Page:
I can’t say I know much about Ann Coulter. She says some things that seem to make sense to me and the way she says other things makes me almost wish I didn’t agree. But I have to ask: What is the deal with the cover of her new book? When I first saw it a few days ago I assumed that the sexy little black dress was a choice by her publishers that she didn’t particularly agree with, but then I saw her on the “Today Show” with Matt Lauer and she had on what appeared to be the same outfit. While what I love about Modestyzone is that we don’t go into the specifics of exactly what we and what others should wear (we leave that to the ladies at gofugyourself, right?) this is just downright confusing.
If I saw a woman at a cocktail party wearing that dress I don’t think I would find much fault with it. Or if I saw this same cover at Barnes and Nobles for a different book, I again wouldn’t think much of it. But a woman wearing a skimpy, mid-thigh black cocktail dress on a morning show is strange. Then add the fact that the woman in question is a conservative “pundit,” “hammer,” or whatever you want to call it, and things get downright bizarre. Shouldn’t she be railing at herself right now?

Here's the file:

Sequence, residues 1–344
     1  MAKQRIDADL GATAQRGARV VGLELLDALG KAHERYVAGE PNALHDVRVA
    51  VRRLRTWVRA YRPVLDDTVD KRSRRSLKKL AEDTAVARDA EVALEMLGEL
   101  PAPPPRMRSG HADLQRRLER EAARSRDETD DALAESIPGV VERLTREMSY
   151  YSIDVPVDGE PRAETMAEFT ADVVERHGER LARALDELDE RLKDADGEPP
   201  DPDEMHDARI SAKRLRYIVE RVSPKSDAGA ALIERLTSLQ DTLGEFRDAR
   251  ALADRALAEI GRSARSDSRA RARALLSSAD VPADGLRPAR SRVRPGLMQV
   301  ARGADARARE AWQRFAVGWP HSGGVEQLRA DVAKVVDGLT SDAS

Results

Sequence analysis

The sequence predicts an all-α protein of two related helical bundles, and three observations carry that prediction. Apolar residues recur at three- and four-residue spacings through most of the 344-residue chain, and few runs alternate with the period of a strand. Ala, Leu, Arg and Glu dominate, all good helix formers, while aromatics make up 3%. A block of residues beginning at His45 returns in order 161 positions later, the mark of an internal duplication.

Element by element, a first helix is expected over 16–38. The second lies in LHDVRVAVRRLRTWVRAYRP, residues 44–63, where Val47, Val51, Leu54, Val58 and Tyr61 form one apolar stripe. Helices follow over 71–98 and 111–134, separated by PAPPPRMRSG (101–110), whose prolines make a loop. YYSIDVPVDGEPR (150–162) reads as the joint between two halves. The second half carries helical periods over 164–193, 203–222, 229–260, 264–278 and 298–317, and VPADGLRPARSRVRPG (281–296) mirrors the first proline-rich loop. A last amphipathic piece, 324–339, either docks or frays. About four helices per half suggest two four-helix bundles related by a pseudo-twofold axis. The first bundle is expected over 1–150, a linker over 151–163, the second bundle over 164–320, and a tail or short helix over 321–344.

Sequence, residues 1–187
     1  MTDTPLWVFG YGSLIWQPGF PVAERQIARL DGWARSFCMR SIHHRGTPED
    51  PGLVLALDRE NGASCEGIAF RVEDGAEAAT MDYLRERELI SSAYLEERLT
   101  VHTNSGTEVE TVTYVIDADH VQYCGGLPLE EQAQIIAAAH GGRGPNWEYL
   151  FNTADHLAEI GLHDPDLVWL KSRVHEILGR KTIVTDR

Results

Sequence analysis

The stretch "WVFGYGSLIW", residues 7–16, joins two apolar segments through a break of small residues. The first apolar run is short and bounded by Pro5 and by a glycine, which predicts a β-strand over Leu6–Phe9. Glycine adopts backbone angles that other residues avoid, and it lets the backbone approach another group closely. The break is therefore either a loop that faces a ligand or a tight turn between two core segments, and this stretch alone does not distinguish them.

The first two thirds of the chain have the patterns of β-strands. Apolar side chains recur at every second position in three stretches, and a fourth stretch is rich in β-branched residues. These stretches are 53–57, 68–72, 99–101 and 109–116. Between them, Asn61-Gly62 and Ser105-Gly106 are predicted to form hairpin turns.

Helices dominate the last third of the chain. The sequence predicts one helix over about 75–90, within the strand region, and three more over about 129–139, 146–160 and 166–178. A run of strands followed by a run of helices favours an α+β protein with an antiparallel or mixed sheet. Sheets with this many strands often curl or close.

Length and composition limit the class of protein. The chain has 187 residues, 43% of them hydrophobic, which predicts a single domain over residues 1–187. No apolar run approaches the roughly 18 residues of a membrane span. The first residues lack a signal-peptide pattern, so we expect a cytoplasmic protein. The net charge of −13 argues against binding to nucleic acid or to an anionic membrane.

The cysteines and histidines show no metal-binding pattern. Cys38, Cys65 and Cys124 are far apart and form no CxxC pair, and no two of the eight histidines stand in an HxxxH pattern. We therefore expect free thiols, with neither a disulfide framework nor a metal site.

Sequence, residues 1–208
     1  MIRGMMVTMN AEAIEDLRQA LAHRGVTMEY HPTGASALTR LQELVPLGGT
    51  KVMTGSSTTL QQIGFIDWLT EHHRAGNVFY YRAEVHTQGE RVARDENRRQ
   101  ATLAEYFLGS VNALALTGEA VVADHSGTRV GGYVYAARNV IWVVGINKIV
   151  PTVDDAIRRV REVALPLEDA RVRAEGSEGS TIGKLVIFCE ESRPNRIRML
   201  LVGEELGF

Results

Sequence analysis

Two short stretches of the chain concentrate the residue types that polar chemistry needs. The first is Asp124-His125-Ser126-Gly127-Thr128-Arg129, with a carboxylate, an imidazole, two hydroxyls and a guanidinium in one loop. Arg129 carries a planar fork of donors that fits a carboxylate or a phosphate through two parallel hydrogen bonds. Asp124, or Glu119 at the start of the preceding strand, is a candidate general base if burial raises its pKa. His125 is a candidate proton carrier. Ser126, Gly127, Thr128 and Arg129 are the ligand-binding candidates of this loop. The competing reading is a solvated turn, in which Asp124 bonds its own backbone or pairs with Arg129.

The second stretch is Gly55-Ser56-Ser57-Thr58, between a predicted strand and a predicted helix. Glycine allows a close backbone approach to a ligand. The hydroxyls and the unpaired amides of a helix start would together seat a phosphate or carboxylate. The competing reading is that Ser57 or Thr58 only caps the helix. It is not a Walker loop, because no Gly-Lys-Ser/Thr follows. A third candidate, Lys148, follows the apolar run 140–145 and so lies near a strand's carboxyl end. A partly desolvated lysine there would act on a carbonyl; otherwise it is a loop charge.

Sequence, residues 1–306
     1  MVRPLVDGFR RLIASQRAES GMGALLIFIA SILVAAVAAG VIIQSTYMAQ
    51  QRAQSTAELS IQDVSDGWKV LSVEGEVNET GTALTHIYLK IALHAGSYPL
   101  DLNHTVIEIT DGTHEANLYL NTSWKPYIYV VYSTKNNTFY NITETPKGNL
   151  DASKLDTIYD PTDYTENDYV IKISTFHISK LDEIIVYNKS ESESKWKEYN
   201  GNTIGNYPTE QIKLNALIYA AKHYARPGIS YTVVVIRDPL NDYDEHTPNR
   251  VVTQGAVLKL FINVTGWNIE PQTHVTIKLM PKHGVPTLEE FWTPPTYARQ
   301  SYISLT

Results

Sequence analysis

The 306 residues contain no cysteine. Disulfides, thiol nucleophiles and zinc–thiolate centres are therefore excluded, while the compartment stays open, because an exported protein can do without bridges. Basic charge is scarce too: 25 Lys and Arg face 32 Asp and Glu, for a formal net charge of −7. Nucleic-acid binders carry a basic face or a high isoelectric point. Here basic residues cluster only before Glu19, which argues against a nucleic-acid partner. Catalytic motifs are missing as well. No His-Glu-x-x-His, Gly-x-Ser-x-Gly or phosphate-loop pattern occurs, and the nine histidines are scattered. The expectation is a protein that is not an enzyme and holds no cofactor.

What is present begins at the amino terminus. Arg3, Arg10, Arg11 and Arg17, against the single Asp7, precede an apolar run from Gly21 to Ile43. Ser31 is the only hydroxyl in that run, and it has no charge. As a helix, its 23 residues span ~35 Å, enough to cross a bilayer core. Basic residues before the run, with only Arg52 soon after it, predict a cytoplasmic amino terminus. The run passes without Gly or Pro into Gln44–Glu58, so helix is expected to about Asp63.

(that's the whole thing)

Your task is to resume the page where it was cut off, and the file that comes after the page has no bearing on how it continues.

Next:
My guess is that Ann is donning less in public in order to defy the stereotypes that the broader culture has about conservatives—to wit, that conservatives are dull and stodgy. It is sad how both conservatives and liberals try to portray the other side as physically ugly. Conservatives revel in stereotypes of hairy butch female hippies and fat Ted Kennedy’s, while liberals portray conservatives as sexually uptight and prudish prunes who either wear knickers and hoop skirts or secretly wish they did.
How each side responds to this smear campaign varies, but I think Ann’s response is rather clear. That response is right to emphasize that being morally conservative does not mean that you are boring or lack any joie de vivre (indeed for many, being conservative has led to a much greater enjoyment of life). But proving the stereotype wrong by going too far in the opposite direction of the stereotype comes at a cost: in this case, Ann may be undermining the message she is ultimately trying to make.